Djokovic is a massive +100 favorite, far ahead of any competitor. Matteo Berrettini is the second-favorite at a whopping +800, while Medvedev is +900, and Nadal/Tsitsipas are both +1000. The Swiss maestro Federer follows behind at +1400.
It feels like every tournament is profitable for Djokovic bettors, but none in recent times have been more than Wimbledon, where he actually won the tournament as an underdog in 2018. London is also home to another three-peat for the world number one, thanks in part to a wild comeback he completed in 2019 from 40-15 down on return when Federer was serving for the match.
It’s a tournament that will haunt Fed fans, but it’s a testament to the unrivaled success that Djokovic has had in the past five years. No player in the sport has been more profitable to get on early and often in the futures market.
As everyone’s health currently stands, you’d have to back Djokovic to win another SW19 title, with Federer dealing with another knee surgery past the age of 40 and grass not being a preferred surface of Nadal who is dealing with a foot problem.
The two will be hard-pressed to challenge a healthy Djokovic, so Berrettini and Medvedev are likely the underdogs with the best chances of pulling off a big-time upset.
The only grand slam where underdogs have consistently been able to come through and win titles in the past four years has been the US Open. Despite being the favorite in four of the past five occasions, Djokovic has only won one title.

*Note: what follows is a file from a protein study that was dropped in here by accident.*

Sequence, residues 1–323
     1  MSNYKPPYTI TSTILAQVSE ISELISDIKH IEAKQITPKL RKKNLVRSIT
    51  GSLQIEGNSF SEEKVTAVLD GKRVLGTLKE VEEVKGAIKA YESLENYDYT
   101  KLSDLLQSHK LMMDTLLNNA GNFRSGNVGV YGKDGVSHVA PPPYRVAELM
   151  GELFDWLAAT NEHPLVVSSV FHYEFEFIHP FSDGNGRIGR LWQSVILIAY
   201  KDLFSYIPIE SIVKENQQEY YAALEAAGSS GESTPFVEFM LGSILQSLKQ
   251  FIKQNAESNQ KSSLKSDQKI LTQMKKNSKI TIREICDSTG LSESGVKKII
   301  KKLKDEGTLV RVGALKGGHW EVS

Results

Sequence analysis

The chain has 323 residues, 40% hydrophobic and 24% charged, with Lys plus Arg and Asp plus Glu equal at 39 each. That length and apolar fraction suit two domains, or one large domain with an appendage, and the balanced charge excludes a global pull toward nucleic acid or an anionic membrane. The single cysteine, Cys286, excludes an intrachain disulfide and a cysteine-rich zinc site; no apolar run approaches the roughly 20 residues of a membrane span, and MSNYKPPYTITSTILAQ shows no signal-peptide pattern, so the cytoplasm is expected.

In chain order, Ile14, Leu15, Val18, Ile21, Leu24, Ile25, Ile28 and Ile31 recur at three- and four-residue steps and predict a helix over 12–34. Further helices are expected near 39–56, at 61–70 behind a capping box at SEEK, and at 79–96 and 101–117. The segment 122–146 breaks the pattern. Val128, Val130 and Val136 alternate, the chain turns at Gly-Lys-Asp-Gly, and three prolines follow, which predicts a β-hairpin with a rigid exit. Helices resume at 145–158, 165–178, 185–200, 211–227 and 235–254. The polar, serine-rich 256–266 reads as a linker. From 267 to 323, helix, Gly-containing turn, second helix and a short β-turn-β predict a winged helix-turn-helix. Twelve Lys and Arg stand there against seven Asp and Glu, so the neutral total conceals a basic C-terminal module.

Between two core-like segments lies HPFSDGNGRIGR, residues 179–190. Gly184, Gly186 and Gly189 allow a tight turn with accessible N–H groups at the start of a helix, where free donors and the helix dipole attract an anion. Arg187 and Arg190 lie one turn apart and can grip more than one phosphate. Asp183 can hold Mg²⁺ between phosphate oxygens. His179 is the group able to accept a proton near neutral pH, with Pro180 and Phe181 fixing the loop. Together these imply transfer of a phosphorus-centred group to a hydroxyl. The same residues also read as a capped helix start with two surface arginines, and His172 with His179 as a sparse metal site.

As may be the case for most hard court slams in the coming years, Djokovic and Medvedev are heavy favorites against the rest of the field. Djokovic is +130 while the 2021 champion is +225. Nadal, Zverev, Thiem and Tsitsipas bunch up from +800 to +1000 while Federer comes in behind them again at +1600.
Unlike the prior 3 slams, parity is present in New York. Whether it be because Djokovic was disqualified for hitting a lineswoman with a ball, or because tennis is a crazy sport, the tournament delivers upsets and underdog champions.
In 2020, it was the former that led to Thiem’s maiden grand slam title, but in 2021, 2019 and 2017 it was the latter.
Of course, the most recent iteration of the US Open saw Medvedev deny Djokovic a historic calendar slam in emphatic fashion, as the Russian took out Djokovic in 3 sets. Medvedev completely outplayed Djokovic, who looked as tight as he’s ever been in his career.
Defending a tournament is much harder than winning it once, however, as an added pressure is placed upon you after earning a slam. Thiem is a great example of this as he’s found it difficult to excel in any big tournament since winning the 2020 US Open.
The Austrian almost won the ATP Finals at the end of 2020 but fell to Medvedev in three tight sets. Outside of that, he only reached the fourth round of the Australian Open and suffered a shocking loss at the French Open to Pablo Andujar in the first round. An injury in Mallorca before Wimbledon has since forced him out of the rest of the season.
It all goes to say that there will be plenty of storylines to be evaluated when the grand slam season gets underway next year. For now, there is still a 2021 calendar to be concluded.